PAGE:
Walk, Bike, or Bus?

When I saw Visualmotive’s “Walk or Bus?” chart, I was fascinated. I love stuff like this! It answers the question of “If I have to be somewhere, is it going to be faster to wait for a bus, or just start hiking?”

I am a multi-mode commuter. I often use the bus to get myself downtown. Sometimes, I also need to get around the city. I almost always do this on my bike. Still, I felt compelled to create a chart that included bicycling.

To work this out, I wrote a program in PHP.

The following chart (click it to enlarge) shows whether it’d technically be faster to Walk, ride, or wait for the next bus. Of course, I’d recommend walking or riding if it’s practical, even if it’s not the fastest way.

The top header is how long you’ll have to wait for the next bus to arrive. Down the side is the distance you need to travel. In many cities, one mile is about 8 city blocks, a little more than .1 mile each.

Where there’s a gray bus icon, it’s faster to wait for the bus. Where there’s a blue bicycle, it’s faster to hop on the bike and ride. The yellow jogging man represents a brisk walking pace (4 MPH) and the green foot represents trudging along with an average gait of 3 MPH. I extended the chart out to 4.0 miles, which is about how far one can expect to get on a bicycle in an urban setting within half an hour at 8 MPH. These are just guidelines, of course. Some people are considerably faster on bicycles. Others are slower. Same with walking and the bus, actually.

Of course, speed isn’t the only variable. Traffic congestion, mechanical problems, the ability to take shortcuts by foot or by bike, and other things beyond your control can throw this off.  This definitely isn’t a reference card to keep on you. It’s more of something to get you thinking about how you get around, and maybe something to show your friends and co-workers when they ask how practical non-motorized transportation really is.


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  2. Pardes

    There is another category to consider. The bike/bus combo commuting.

    Daily I bike to the bus stop, put me and the bike on the bus for the drive on the interstate highway, and then bike from the bus stop to work. Then I reverse it at night. For the last 16 months I’ve used ONLY my bike (and bus combo) for all my transportation needs from work to shopping to just pedaling around for recreation.

  3. Backyardavore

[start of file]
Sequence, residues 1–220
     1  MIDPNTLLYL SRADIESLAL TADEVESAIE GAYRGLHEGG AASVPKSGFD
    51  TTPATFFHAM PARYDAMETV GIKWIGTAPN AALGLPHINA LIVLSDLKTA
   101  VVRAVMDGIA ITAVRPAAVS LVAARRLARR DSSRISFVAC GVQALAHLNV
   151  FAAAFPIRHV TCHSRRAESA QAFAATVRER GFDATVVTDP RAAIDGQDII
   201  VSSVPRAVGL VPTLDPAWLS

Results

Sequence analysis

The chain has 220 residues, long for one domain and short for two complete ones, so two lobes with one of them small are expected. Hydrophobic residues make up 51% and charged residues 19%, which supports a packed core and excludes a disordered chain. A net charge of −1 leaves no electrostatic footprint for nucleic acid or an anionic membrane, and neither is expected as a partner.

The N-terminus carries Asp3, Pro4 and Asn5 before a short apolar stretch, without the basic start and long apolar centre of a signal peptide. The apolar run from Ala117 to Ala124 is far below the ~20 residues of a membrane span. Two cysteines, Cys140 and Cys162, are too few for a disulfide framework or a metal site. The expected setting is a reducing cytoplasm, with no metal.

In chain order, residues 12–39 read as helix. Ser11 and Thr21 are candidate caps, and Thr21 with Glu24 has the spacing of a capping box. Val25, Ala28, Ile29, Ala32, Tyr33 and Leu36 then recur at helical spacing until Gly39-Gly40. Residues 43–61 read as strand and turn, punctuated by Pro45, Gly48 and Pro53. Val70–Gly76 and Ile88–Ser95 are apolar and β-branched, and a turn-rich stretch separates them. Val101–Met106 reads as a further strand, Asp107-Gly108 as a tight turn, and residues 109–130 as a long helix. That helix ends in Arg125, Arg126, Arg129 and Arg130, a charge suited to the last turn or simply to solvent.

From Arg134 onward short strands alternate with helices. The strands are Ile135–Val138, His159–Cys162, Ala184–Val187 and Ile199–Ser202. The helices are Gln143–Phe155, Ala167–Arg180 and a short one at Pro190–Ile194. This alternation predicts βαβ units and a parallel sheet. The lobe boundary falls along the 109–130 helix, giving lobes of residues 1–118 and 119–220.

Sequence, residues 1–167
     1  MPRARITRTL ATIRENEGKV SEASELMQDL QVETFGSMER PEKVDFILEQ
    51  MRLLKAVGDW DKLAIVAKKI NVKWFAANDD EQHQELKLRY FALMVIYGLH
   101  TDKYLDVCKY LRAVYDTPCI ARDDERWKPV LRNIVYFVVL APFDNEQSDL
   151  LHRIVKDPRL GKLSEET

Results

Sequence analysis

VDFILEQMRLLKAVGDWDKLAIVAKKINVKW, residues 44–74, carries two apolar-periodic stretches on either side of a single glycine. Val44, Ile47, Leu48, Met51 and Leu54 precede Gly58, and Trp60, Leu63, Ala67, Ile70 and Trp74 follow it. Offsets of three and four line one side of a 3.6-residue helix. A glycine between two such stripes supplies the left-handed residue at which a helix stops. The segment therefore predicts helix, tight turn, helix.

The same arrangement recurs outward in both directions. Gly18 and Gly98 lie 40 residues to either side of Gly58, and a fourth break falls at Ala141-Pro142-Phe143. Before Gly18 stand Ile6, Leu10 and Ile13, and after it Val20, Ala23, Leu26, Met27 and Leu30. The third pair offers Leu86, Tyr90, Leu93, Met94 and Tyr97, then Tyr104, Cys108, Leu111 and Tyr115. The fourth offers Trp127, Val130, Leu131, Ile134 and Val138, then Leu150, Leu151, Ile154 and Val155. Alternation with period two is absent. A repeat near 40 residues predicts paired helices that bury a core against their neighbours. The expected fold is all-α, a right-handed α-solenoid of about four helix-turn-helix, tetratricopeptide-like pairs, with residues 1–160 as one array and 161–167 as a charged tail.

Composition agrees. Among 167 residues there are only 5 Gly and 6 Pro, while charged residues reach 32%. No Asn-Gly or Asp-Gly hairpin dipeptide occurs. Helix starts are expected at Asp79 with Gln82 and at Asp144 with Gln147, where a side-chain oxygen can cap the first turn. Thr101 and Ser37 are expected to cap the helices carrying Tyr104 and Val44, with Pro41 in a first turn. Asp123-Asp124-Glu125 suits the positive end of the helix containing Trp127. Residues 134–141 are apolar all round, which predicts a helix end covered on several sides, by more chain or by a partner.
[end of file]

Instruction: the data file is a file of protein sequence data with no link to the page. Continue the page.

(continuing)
I like the chart concept but I’m not sure I like the math. You somewhat address my concern in your final paragraph.

    My kid’s school is exactly two miles from my house. By car, it takes about 7.5 minutes. Pulling him in the bike trailer, it takes about 8.5 minutes.

    The biggest delay is the stop light to get across the single intersection in our way. The light cycles at 2:15 intervals in the morning and 1:45 in the afternoons. So, that light alone could account for a quarter of the commute.

    Without the trailer and child (combined, about 75 pounds), a six mile trip is about 20 minutes.

    In any case, the shorter the trip, the far more heavily I favor a human-powered solution.


  4. Noah (Post author)

    Yeah, the math doesn’t always make sense. Example, some of the buses on routes I use don’t go straight up or down one road. And then there are fun tricks like flanking a bus you just missed (traveling on an arterial) going down some side street with stop signs every two blocks, knowing that after a mile you will come out faster than the bus due to stop lights, allowing you to get on at the next bus stop. 🙂

    On my 29-mile round trip commute from suburbia to downtown KC, I usually average about 14-16 MPH (PR of 19.6) when I ride the whole trip without using the bus. In urban traffic, I usually come out ahead of cars because I save time parking and stoplights keep average speed pretty low. As I mentioned above, it’s easy to beat buses with their bus stops AND stoplights combined. It’s pretty hard to beat the bike for short errands and urban trips, and even when the bike’s slower, it’s always funner.

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